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Respiratory response to tobacco dust exposure.
Valic F; Beritic D; Butkovic D
Am Rev Respir Dis 1976 Jun; 113(6):751-755
Results of a study of the respiratory responses of 318 nonsmoking female workers to long-term tobacco dust exposure are reported. The mean total tobacco dust concentrations range from 0.9 to 27.5 milligrams per cubic meter; the respirable fraction, from 0.3 to 3.6 milligram per cubic meter. The mean length of exposure to tobacco dust is 14.9 years, 24 percent of workers having been exposed to tobacco dust for 20 years or more. Comparatively low prevalences of chronic respiratory symptoms are found, and only the prevalences of chest tightness and wheezing are significantly higher among workers exposed to tobacco dust than those of the control group. In contrast to negative findings with regard to chronic respiratory effects, significant acute decreases in ventilatory capacity during the work shift are recorded. No dose-response relationship is found between the level of exposure and the acute decreases in ventilatory capacity.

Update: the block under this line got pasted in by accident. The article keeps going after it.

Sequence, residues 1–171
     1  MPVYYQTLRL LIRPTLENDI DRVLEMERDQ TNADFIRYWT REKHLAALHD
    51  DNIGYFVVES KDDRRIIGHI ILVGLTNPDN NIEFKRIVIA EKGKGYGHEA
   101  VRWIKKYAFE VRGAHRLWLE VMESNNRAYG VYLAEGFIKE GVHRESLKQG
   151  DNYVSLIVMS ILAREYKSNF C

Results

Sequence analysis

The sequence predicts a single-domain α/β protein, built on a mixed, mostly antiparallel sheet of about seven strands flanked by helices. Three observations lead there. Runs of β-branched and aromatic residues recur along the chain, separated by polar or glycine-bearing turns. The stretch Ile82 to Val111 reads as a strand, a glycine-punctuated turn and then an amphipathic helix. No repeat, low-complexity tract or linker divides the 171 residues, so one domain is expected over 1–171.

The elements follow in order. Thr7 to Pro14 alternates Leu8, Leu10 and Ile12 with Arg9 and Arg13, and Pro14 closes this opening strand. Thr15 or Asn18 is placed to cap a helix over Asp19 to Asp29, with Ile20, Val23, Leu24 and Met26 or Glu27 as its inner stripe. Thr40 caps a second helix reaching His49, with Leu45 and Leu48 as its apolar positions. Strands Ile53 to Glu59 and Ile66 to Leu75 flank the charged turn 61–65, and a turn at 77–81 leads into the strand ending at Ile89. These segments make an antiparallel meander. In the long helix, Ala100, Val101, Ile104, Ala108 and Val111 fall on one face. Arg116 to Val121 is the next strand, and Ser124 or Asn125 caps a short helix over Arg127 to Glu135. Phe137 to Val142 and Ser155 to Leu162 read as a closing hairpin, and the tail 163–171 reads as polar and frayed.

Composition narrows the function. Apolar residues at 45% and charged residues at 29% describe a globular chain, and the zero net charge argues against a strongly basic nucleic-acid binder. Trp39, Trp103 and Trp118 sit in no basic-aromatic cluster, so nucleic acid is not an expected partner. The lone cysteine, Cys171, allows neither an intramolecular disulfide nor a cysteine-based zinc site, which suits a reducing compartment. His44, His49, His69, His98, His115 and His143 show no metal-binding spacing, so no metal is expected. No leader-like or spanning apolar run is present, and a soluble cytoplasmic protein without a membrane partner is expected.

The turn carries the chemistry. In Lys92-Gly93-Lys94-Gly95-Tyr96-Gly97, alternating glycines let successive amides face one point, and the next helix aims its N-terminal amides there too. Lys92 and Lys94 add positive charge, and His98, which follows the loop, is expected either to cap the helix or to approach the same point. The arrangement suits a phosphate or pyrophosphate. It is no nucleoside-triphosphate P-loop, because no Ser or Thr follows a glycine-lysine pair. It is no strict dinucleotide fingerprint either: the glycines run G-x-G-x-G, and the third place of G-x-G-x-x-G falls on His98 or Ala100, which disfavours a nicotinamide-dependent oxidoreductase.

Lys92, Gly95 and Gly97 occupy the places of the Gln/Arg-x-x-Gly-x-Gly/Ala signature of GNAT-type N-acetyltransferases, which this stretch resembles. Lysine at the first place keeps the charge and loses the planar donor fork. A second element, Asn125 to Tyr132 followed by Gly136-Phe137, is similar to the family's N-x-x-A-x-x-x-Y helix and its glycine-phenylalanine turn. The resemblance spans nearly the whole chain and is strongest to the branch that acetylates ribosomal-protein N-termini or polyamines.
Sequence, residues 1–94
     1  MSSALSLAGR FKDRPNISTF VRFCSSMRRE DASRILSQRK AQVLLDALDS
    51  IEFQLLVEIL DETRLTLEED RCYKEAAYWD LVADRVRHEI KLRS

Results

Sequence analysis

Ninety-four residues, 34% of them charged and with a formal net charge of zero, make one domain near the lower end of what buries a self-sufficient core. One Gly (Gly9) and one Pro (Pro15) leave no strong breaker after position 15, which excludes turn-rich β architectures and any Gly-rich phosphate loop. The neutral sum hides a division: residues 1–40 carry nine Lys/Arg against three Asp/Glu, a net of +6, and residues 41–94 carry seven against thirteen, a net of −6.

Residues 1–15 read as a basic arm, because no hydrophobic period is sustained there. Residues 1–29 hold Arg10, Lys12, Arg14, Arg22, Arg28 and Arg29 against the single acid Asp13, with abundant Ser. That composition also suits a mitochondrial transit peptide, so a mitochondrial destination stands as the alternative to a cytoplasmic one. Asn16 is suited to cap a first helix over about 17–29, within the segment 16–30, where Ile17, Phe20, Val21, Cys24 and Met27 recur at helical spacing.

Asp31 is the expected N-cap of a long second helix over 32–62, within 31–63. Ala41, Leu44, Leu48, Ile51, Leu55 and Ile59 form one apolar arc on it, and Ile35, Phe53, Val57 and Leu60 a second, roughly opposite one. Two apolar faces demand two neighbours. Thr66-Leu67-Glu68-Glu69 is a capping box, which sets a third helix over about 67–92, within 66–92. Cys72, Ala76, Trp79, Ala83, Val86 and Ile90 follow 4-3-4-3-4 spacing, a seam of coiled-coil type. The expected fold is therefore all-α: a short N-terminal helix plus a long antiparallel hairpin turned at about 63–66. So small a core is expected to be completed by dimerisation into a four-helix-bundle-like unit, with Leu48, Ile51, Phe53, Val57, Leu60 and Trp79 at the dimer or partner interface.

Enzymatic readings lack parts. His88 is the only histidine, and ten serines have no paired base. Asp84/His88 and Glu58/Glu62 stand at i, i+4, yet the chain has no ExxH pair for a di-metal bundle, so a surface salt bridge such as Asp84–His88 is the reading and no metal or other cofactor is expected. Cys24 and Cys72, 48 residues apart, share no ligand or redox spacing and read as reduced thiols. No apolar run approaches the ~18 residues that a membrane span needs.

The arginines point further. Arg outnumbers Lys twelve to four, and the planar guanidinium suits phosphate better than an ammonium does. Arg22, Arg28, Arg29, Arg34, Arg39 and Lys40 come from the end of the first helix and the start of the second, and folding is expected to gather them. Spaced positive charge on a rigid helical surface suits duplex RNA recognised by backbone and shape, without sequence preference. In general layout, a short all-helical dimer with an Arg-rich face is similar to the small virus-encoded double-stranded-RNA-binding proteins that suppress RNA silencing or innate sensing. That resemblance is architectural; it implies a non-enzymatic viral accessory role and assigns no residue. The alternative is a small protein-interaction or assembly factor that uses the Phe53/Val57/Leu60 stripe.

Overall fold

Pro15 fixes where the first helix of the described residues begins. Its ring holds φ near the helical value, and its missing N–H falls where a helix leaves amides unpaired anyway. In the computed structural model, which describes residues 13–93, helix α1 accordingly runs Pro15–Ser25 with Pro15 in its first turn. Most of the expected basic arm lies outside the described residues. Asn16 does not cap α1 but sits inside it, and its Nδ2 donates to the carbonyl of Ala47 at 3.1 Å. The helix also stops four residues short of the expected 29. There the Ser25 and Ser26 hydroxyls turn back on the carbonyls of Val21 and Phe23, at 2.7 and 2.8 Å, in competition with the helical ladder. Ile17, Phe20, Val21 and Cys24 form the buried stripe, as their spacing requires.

NIOSH-Publication; NIOSH-Grant; Pulmonary-system-disorders; Toxic-substances; Dust-control; Organic-dusts; Lung-disorders; Chest-disorders; Respiratory-system-disorders; Chronic-diseases; Tobacco-industry; Lung-ventilation; Respiratory-functions
Issue of Publication
American Review of Respiratory Disease
Page last reviewed: December 4, 2020
Content source: National Institute for Occupational Safety and Health Education and Information Division